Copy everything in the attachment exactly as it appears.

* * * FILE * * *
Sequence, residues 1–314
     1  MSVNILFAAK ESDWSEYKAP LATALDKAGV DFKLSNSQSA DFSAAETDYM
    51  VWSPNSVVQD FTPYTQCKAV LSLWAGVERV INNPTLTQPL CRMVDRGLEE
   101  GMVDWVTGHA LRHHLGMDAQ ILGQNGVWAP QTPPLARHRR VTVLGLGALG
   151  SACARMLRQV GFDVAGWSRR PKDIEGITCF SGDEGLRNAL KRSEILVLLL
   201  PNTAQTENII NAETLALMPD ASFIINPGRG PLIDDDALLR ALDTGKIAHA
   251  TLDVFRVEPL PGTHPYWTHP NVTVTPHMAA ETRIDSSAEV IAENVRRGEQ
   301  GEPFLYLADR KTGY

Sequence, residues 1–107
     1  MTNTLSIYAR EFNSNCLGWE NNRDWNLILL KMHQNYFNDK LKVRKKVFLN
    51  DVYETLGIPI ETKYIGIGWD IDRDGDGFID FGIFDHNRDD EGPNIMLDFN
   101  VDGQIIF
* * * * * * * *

Sequence, residues 1–314
     1  MSVNILFAAK ESDWSEYKAP LATALDKAGV DFKLSNSQSA DFSAAETDYM
    51  VWSPNSVVQD FTPYTQCKAV LSLWAGVERV INNPTLTQPL CRMVDRGLEE
   101  GMVDWVTGHA LRHHLGMDAQ ILGQNGVWAP QTPPLARHRR VTVLGLGALG
   151  SACARMLRQV GFDVAGWSRR PKDIEGITCF SGDEGLRNAL KRSEILVLLL
   201  PNTAQTENII NAETLALMPD ASFIINPGRG PLIDDDALLR ALDTGKIAHA
   251  TLDVFRVEPL PGTHPYWTHP NVTVTPHMAA ETRIDSSAEV IAENVRRGEQ
   301  GEPFLYLADR KTGY

Sequence, residues 1–107
     1  MTNTLSIYAR EFNSNCLGWE NNRDWNLILL KMHQNYFNDK LKVRKKVFLN
    51  DVYETLGIPI ETKYIGIGWD IDRDGDGFID FGIFDHNRDD EGPNIMLDFN
   101  VDGQIIF